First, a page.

Note: For the first assignment for my summer Multimedia Journalism task I was tasked with writing a print story (and taking pictures) on an event. Though this happened over six weeks ago, now that the class is over, I get to post it.
Actor Kaitee Treadway is on a mission. Clad in full colonial-era garb and armed with her puppet, Samuel, she sits in a corner of the pier off the Boston Tea Party Museum. When she spots her mark – a young child looking lost – she makes her move. “Hello!” She calls out in a sing-song voice. “What’s your name?” If the child answers, they’re asked, “have you heard about the events happening lately in Boston?” The script varies from there, but it always ends with the child and puppet brainstorming how best to protest British taxation.
As you may know if you follow my twitter, this summer I took a seven week intensive course at Harvard on Multimedia Journalism. My final project was to film and produce a three minute news story on any topic, and so I covered businesses using Pokemon Go as an advertising opportunity. You can view it here:
A big thank you to all the Pokemon Go players who agreed to be interviewed, especially those who showed up for the first Boston PokeWalk, Kerrin Connolly for organizing said PokeWalk, as well as One Condoms and Zipcar, both of whom were lovely and accommodating of my tight time schedule.
Hello friends, great first day at the Democratic National Convention, right? There sure was a lot of talk about revolutions there, which is why I think it’s a good time to sit down and have an honest chat about the historical record on revolutions, and how they actually work.
The first time I went to a Pittsburgh Penguins game in person it was March 15, 2015, an afternoon game against the Red Wings. It was the second of back-to-back afternoon games, and Evgeni Malkin had been injured the game before against the Bruins. The whole team was injured and trying to battle through it – that game, Patric Hornqvist would crack his ribs but play through them to the end of the season.
I hardly remember the game, honestly. I was in such a haze of overwhelmed excitement that unless I had pictures, I’d think going to it was all some weirdly vivid dream I had. One of the pictures I took was of this guy:
Holy shit, you’ve been matched with someone on a dating app! Or maybe it’s a dating site. Maybe you’re using a site that doesn’t have the now-ubiquitous left or right swiping mechanism, but you found a profile you liked. Maybe you’re really old-fashioned and you just see someone you like at a bar, or coffee shop, or in the park.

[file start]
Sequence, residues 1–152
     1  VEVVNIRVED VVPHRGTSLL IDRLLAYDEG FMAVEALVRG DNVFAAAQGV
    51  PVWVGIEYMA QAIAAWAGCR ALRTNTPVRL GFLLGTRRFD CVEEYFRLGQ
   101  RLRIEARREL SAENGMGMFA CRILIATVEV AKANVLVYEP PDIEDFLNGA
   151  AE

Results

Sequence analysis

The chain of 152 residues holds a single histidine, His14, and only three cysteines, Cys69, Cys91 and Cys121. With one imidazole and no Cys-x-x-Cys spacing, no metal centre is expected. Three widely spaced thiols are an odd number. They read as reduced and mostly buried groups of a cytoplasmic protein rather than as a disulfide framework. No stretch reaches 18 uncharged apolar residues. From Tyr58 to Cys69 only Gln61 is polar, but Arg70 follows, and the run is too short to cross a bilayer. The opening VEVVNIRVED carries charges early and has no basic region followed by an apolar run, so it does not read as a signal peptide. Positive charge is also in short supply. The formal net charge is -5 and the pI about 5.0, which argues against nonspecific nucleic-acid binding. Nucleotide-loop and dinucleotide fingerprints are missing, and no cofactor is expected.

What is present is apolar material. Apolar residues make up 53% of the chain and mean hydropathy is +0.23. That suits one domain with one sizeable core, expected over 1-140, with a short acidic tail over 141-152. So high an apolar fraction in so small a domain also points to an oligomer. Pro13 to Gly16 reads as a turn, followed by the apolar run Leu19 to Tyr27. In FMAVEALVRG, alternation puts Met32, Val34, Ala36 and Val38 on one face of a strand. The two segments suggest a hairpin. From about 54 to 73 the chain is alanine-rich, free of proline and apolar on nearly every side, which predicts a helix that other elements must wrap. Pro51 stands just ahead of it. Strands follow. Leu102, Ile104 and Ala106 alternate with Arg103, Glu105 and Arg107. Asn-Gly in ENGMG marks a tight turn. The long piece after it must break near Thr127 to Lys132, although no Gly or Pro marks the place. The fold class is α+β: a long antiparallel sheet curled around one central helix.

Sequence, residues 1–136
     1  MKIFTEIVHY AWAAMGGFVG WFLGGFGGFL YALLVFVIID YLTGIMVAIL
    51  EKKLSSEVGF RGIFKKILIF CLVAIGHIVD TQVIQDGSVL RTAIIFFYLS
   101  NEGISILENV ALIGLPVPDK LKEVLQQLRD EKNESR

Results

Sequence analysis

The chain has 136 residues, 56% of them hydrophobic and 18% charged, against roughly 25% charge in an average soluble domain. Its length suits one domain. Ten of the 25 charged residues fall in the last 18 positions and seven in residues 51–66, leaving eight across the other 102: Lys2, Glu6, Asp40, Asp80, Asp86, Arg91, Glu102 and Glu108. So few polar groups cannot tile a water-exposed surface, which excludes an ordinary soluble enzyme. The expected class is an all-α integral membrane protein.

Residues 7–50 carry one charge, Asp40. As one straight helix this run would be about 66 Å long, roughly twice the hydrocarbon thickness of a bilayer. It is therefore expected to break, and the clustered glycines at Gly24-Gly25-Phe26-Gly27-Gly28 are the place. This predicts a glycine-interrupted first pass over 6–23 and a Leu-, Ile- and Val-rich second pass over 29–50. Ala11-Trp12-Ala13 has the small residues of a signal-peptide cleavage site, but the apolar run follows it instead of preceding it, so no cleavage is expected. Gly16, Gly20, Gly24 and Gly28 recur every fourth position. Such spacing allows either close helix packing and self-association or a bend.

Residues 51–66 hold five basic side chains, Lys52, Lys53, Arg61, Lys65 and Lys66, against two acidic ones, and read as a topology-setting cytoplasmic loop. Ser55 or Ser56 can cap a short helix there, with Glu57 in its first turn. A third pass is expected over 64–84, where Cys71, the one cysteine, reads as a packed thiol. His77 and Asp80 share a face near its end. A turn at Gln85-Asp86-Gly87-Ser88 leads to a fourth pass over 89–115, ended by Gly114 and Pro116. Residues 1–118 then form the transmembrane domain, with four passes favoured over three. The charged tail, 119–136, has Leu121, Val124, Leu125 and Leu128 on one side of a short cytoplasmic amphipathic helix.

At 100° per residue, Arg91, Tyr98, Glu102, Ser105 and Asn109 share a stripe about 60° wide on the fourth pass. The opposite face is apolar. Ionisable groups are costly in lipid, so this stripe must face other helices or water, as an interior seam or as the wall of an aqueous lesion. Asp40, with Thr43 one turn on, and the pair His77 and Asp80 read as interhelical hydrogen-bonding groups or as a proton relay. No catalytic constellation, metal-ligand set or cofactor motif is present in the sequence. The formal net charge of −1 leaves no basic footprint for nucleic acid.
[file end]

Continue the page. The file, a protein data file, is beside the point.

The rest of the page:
But let’s say you’re on Tinder, and you see this ever-familiar screen while Jeopardy music begins to play:
Don’t be like me and let this happen to you, kids!
You could do one of two things. One, you could keep staring at the time go up as you and your match play a fun game of romantic chicken, or two, you could talk to them.
When I got into hockey about five years ago, it was mostly because the game itself was so interesting to me. It’s fast, it requires a ton of skill, it has a lot of “holy crap can you believe that” moments, and everyone hugs after scoring. That’s my kind of sport. But a big reason, I think, that I stayed so invested in hockey was the fact that the hockey community is so intensely invested in initiatives to de-stigmatize mental health issues. As someone who has dealt with a lot of mental health issues (anxiety, depression, ADD), has been in therapy on and off (but mostly on) for over twenty years, and has been on psychiatric medication for about 17 and a half of those years, this was an enormous weight off my shoulders. At the time I got into hockey, I was nearing the tail end of my seven year episode of being housebound due to agoraphobia, and it was such a relief to be around people I felt like I didn’t have to lie to. Not that I told everyone around me the intimate details of my mental health, or really any details at all, but the knowledge that I could, that I didn’t have to be closeted if I didn’t want to, was a huge weight off my shoulders.
Every year the hockey community (because the hockey community is largely Canadian) explodes with the hashtag #BellLetsTalk, which donates $0.05 to Canadian mental health initiatives every time it is shared on social media and also encourages the frank and open discussion of mental health issues. In the last few years, even though Bell is a Canadian company, it’s become a big thing not just in the hockey community. As of me typing this, #BellLetsTalk is also trending second in the United States. And frankly, not that many people are hockey fans.
Since today is for sharing about mental health, and since I have spent so much of my life being mentally ill and going through every type of therapy and/or medication regime there is, I thought rather than share my story (which is not very interesting – I was sick, then I worked really hard and now I’m better), I’d share the seven iron-clad mental health rules that I have learned and that I wish everyone, mentally ill or not, knew.
The bond between athletes and popular board game Settlers of Catan is not a new one. But until now, we didn’t know that it had spread into hockey.
This Tuesday, the Penguins posted the annual holiday gift baskets that each player creates and then is auctioned off for charity. While most Penguins fans don’t have a cool $500 to drop at minimum, it’s always amusing to browse them and see what each player considers “important”. (Nick Bonino’s basket, for example, is all for dogs. Good man, Nick Bonino.) And Eric Fehr apparently considers Settlers of Catan essential to the “spend a day like Eric Fehr” starter pack.
Which begs the question – what would it be like if the rest of the Penguins players all picked up Settlers of Catan the way the Green Bay Packers did? After much thorough research and investigative journalism, I was able to determine that this is how games between the team would go: